How to Export Chrome Extensions

Chrome extensions help you to effectively browse the internet, and you can easily find them in the Chrome Web Store. But on some occasions, these add-ons may disappear from the store. Also, there’s always a chance that a new update doesn’t suit you as much as the previous one did.

That’s why you may want to export all your Google Chrome extensions into one place.  This way, you can always reinstall them, regardless of any changes to the Web Store or the extension itself.

These extensions come in unique CRX file formats, and this article will explain how to store them on your drive.

Check Your Chrome Profile

Before you start exporting, you should check if your Google Chrome profile is the right one. Chrome allows you to use multiple profiles, and each one will have its own set of extensions.

You can make sure that you are using the correct Chrome profile in a few simple steps:

  1. Open Google Chrome and click on the More icon in the top-right corner (three vertical dots). Chrome Menu
  2. Now, select Settings from the dropdown menu.
  3. Under the People section, check if you are currently using your profile, if not, click on the small arrow next to the profile name and switch the profile.

You can also add and remove profiles by clicking on the profile icon on the top-right, and selecting Manage people.

manage people

Export Chrome Extensions as CRX Files

If you want to export Chrome extensions manually, you have to enable ‘Developer mode’ in the browser and pack the extension in a CRX file. CRX is a file that Chrome automatically downloads and installs when you add an extension.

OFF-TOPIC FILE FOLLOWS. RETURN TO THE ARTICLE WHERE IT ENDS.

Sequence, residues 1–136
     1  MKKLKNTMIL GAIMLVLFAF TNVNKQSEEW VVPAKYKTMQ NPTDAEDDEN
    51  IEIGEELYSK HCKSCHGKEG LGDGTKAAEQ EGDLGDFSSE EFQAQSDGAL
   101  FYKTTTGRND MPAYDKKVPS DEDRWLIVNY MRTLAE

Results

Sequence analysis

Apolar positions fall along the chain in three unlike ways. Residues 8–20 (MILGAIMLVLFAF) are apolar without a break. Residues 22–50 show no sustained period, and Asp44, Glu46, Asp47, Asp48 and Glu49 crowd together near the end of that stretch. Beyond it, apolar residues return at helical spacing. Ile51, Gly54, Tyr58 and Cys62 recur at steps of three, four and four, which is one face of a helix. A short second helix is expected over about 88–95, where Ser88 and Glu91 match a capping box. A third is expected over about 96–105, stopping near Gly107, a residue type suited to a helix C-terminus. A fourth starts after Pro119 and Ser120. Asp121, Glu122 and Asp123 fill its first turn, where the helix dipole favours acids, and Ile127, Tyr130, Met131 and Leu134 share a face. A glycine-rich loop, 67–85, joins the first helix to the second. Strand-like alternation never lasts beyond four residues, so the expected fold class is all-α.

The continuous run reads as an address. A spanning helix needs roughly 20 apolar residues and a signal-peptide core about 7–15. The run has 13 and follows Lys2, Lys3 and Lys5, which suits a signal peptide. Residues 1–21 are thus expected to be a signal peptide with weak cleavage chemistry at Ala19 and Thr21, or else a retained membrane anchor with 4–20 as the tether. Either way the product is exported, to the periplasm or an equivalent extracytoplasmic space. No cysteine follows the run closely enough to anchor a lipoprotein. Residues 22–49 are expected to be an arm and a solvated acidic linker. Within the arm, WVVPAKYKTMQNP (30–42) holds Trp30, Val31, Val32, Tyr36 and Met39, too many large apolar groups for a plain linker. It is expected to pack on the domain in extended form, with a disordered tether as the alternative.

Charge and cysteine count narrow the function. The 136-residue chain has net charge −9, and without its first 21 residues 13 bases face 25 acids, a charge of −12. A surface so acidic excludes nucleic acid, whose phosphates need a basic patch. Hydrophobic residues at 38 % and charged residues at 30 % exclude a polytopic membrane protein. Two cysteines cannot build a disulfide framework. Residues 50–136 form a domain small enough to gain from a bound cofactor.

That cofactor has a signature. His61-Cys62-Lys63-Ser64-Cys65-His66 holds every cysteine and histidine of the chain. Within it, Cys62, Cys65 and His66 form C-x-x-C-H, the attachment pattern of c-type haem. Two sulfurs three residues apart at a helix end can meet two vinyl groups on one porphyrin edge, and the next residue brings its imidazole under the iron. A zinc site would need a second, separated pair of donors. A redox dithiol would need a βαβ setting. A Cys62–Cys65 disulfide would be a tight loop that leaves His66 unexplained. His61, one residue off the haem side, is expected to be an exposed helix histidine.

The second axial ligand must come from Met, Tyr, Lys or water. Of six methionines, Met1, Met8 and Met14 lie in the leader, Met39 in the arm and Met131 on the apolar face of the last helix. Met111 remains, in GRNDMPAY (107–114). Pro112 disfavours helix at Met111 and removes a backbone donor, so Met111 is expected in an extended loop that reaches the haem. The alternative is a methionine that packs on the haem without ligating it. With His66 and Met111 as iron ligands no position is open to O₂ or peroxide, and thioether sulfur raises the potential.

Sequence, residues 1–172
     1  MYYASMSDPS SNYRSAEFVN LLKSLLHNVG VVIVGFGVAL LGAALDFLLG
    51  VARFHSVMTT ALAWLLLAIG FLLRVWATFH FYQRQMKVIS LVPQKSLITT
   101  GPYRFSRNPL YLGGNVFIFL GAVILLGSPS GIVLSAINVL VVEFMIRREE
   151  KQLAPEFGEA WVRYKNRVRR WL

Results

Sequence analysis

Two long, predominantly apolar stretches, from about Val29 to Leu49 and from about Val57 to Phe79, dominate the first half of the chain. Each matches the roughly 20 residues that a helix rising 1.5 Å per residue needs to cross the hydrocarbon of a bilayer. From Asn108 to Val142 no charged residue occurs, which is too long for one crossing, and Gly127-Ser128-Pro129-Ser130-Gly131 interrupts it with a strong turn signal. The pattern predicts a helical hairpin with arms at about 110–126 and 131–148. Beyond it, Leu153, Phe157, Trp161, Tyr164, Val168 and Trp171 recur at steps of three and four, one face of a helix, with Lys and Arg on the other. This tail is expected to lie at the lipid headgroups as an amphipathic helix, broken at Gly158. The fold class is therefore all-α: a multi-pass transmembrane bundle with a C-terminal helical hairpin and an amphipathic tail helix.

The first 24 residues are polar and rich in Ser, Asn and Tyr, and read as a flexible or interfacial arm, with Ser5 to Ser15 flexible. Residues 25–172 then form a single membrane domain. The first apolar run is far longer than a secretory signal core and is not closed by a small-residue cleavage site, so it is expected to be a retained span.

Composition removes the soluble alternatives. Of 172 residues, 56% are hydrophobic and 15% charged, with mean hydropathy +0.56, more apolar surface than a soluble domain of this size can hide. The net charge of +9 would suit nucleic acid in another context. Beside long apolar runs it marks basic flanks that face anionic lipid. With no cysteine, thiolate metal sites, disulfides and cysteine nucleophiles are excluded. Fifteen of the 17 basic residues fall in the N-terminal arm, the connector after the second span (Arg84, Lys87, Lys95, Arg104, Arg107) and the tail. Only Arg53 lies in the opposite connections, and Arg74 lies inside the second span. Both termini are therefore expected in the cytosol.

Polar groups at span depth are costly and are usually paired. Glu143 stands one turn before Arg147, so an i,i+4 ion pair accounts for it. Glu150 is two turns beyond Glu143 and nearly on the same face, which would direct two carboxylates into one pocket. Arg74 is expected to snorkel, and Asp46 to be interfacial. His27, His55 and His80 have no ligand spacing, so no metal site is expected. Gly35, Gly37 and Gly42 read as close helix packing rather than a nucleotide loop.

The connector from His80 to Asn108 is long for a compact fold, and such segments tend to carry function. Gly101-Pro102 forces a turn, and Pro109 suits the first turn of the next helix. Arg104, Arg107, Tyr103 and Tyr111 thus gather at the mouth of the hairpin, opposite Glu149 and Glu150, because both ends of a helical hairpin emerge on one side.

To do this, you should:

  1. As mentioned above, launch Google Chrome and press the More icon (three vertical dots). Chrome Menu
  2. Hover your mouse over More tools and then click on Extensions.
  3. Now, enable the Developer mode on the top-right of the Extensions menu. Remember the ID that appears under the extension that you want to pack.
    developer mode
  4. Now, hold Win Key + E to open Windows Explorer and go to the following path:
    C:\Users\<Username>\AppData\Local\Google\Chrome\User Data\Default\Extensions
    Note that the <Username> should be your username. Windows Chrome Folder
  5. Locate the folder that has the same ID and copy it to your Desktop.
  6. Now, go back to the Extensions menu and click the Pack extension button on the top-left corner of the menu.
    pack extension
  7. When the new window appears, select Browse, choose the folder that you’ve moved to the desktop and click OK.
  8. Select the Pack Extension button. Leave the Private key file section blank.

Now, the extension folder should have a CRX file too.

For each extension that you want to export, you can use the same method. You can share these CRX files, or store them on your drive.

How to Find Extension Folder on MacOS or Linux

If you’re using MacOS or Linux, the process is slightly different. You can follow the same first six steps from the previous section, but the path to the extension folder is slightly different.

For MacOS users, the correct application folder is normally in ~/Library/Application Support.

For Linux users, the extension folder should be in the ~/.config folder.

Use a Special URL to Save and Download Extensions

If packing extensions to a CRX file seems like a long and exhausting job, you can just save the extension URL somewhere and download it when you need it.

  1. Using the method from the previous section, save the extension ID if you already have it on the computer. If you don’t, you can find the extension from the Chrome Web Store and copy the extension ID. The ID is always the last part of the URL in the address bar.